My Math Forum Fully defined integrals
 User Name Remember Me? Password

 Calculus Calculus Math Forum

 July 8th, 2019, 07:52 AM #1 Newbie   Joined: Jul 2019 From: Romania Posts: 1 Thanks: 0 Fully defined integrals Hello! So I've got this integral: https://prnt.sc/oc6zok And I managed to get to this result : I(n)=x^(n)(sinx)+n(x^(n-1))(cosx)—n(n-1){I(n-2)} However, since the integral is defined on the interval (-pi,pi) I don't know how to continue. Excuse my English for I am not a native English speaker and I'm not used to utilize mathematical terms in this language.I basically don't know how to proceed further.I know that somehow I've got to give x the values of -pi and pi but I don't know how to get to that point.
 July 8th, 2019, 12:32 PM #2 Math Team     Joined: Jul 2011 From: Texas Posts: 2,980 Thanks: 1573 $\displaystyle I(n) = \int_{-\pi}^\pi x^n \cos{x} \, dx$ for $n \in \{2,3 \}$ $I(3) = 0$ because the integrand, $x^3\cos{x}$, is an odd function symmetric to the origin. For $n=2$, the integrand, $x^2\cos{x}$, is an even function. Even functions have symmetry across the y-axis ... $\displaystyle I(2) = 2\int_0^\pi x^2 \cos{x} \, dx = 2\bigg[-x^2\sin{x}+2x\cos{x}+2\sin{x}\bigg]_0^\pi = 2\bigg[(-2\pi) - (0) \bigg] =-4\pi$ Thanks from topsquark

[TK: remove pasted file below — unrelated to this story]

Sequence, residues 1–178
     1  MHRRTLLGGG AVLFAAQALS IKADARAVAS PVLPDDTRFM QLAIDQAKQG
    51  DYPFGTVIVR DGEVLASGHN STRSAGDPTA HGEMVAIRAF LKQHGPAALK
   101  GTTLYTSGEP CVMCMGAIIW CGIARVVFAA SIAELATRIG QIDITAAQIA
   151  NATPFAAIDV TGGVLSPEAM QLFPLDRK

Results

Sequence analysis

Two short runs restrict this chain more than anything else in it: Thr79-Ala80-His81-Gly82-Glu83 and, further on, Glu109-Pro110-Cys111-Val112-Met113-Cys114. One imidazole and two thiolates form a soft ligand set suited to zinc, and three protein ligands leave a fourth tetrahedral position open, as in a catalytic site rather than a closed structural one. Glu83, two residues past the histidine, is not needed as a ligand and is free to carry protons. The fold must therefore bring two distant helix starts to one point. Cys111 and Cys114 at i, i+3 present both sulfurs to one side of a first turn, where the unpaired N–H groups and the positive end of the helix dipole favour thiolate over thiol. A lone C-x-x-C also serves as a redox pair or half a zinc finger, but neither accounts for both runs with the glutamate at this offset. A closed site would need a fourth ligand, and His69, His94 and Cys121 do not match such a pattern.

Tags defined, fully, integrals

 Thread Tools Display Modes Linear Mode

 Similar Threads Thread Thread Starter Forum Replies Last Post dennisdixon New Users 8 March 3rd, 2013 07:09 AM durky Abstract Algebra 6 March 28th, 2012 01:29 PM probiner Algebra 4 February 17th, 2012 11:49 AM jonas Algebra 1 November 12th, 2009 10:55 PM

 Contact - Home - Forums - Cryptocurrency Forum - Top

Copyright © 2019 My Math Forum. All rights reserved.